The declassified version of the report declares outright that Putin "ordered an influence campaign" in the election "to undermine public faith in the U.S. democratic process, denigrate Secretary Clinton, and harm her electability and potential presidency."
"We further assess Putin and the Russian Government developed a clear preference for President-elect Trump," the report concludes.
Graham told NBC news before Trump's statement that said it would "shake me to my core" about Trump's judgment if he refused to accept the findings.
"I hope you will embrace the intelligence, you will join the Republicans and Democrats to push back against Russia to make sure this stops and doesn't happen again. If after the briefing he is still unsure, that will shake me to my core about his judgment," he said in the interview, which aired Sunday.
Graham also said that if Trump continues to doubt the investigation, "it's incumbent upon him to make the case as to why [the intelligence findings] are wrong."
"I think he needs to come before the American people and be specific as to why he does not believe what most of us believe," he said.
Both Graham and McCain warned of grave consequences if the United States doesn't take the threat posed by Russia seriously.
"It isn't just elections that they are hacking into. It is across the board, including military secrets that we have, including the ability to shut down satellites, including the ability to shut down power plants," McCain said. "I mean, they can do grave danger to the United States of America."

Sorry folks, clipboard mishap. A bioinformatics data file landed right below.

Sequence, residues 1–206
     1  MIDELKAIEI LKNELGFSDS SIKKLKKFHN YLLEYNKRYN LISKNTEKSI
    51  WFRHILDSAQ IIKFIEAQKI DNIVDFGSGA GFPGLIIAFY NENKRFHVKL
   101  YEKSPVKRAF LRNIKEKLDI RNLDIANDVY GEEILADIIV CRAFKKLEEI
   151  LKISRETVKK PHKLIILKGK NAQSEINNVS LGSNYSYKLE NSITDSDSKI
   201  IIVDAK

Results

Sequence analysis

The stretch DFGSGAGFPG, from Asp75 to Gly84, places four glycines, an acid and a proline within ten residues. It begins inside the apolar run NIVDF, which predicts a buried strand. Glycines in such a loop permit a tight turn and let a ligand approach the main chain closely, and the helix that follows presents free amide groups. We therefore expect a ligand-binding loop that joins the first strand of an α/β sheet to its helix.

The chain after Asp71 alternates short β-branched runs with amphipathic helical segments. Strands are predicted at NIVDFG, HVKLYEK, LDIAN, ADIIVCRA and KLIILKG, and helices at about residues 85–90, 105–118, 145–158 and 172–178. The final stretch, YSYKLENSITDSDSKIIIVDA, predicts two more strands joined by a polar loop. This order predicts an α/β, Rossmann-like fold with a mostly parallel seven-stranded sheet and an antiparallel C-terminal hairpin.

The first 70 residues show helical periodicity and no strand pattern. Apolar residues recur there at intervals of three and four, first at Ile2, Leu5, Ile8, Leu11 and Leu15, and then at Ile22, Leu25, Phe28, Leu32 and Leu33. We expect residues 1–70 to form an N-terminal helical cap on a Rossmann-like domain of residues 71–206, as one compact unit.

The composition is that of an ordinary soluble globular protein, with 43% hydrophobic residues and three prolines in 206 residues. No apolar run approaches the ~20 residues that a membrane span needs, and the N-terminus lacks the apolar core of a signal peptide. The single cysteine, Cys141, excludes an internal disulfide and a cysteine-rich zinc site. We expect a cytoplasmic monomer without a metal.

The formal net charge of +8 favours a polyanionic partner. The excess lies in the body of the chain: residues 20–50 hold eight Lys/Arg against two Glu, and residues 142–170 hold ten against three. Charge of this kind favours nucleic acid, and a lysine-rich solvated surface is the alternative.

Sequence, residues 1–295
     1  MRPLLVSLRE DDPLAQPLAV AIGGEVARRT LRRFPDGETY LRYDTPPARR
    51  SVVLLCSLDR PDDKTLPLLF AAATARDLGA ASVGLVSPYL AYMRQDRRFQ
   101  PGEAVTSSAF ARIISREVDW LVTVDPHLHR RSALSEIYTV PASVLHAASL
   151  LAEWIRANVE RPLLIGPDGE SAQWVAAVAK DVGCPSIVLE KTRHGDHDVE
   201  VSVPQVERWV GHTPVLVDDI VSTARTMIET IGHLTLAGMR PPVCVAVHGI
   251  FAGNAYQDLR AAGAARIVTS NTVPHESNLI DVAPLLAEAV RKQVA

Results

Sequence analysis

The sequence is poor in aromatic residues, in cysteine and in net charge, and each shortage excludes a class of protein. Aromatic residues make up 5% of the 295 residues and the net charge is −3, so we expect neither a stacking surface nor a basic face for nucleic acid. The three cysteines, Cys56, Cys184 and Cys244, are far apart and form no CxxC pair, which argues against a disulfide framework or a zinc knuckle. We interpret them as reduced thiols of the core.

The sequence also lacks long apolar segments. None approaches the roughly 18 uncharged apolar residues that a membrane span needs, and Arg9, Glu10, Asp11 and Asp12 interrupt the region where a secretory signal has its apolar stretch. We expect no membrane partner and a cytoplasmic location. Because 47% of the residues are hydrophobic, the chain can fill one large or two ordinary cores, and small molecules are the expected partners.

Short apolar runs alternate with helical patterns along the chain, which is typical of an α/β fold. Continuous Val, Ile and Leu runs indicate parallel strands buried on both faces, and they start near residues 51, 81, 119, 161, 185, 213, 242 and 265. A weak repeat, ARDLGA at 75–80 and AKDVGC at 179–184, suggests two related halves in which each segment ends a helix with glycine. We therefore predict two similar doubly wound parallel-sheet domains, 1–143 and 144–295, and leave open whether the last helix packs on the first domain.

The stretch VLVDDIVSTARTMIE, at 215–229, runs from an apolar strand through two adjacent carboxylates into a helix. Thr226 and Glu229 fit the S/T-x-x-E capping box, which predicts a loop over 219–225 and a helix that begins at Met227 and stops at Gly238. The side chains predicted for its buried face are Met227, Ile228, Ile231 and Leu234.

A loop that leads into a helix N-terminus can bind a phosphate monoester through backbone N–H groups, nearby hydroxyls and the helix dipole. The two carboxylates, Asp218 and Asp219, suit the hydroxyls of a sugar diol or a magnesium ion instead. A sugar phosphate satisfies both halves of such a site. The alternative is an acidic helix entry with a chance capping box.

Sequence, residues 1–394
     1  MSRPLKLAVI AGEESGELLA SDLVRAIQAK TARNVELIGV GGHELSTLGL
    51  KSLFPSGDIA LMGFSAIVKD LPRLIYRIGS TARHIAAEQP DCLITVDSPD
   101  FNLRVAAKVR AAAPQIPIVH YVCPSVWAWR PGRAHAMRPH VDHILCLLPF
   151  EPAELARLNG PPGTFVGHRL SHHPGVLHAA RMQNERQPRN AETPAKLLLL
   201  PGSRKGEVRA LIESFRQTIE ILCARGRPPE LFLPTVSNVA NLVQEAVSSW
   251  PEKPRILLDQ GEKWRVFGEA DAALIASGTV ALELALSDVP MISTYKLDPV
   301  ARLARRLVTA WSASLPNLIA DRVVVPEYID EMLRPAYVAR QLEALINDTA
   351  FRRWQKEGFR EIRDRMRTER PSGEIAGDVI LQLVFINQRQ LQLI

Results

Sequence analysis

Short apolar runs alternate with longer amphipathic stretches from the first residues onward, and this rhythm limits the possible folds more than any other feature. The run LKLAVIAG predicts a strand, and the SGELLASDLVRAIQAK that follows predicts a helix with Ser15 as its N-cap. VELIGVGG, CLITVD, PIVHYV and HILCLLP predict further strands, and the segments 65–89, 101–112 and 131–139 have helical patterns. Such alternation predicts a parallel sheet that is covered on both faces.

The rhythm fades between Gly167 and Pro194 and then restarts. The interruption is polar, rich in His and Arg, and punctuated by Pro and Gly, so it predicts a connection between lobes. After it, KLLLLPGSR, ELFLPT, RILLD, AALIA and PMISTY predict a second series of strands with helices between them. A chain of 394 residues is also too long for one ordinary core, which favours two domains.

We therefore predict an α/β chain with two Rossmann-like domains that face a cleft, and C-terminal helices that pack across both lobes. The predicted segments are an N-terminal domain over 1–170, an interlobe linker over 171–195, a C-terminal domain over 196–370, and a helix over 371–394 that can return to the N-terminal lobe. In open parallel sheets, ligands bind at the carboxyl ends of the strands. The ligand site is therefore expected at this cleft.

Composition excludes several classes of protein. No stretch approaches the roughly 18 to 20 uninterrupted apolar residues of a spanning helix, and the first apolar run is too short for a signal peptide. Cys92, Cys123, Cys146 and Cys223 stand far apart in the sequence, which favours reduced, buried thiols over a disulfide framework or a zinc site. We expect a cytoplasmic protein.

And Graham warned that "if our policies don't change vis a vis Russia, the worst is yet to come."
During the campaign, Trump's critics pointed out that a number of Trump's closest advisers — including his former campaign manager, Paul Manafort, and incoming national security adviser, retired Gen. Mike Flynn — have deep ties to the Russian government in ascribing motive to the Russian hackers.
Trump himself consistently brought up WikiLeaks, the organization founded by Julian Assange, and details from the stolen emails, on the trail.
Although Assange has denied that Russia provided WikiLeaks with the hacked documents, a senior U.S. intelligence official told NBC News on Friday that the United States has identified Russian actors who turned over stolen Democratic material to Assange's organization.
Some went so far as to question whether there was coordination between Trump's campaign and Russian actors — and Graham suggested Sunday that those concerns were the subject of a government investigation.
"I believe that it's happening," he said when asked if such investigations were underway. "But you need to talk to them because I don't want to speak for them."
Those questions have continued post-election as Trump has filled out his Cabinet, with even some Republicans expressing concern about the close relationship of Putin to Trump's nominee for secretary of state, Rex Tillerson. McCain said after meeting with Tillerson that some of his doubts had been assuaged but that some concerns remained.
"Every president should have the benefit of the doubt as to their nominees. So there has to be a compelling reason not to [confirm Tillerson]. I still have some concerns, and I have got some more questions for Mr. Tillerson," he said.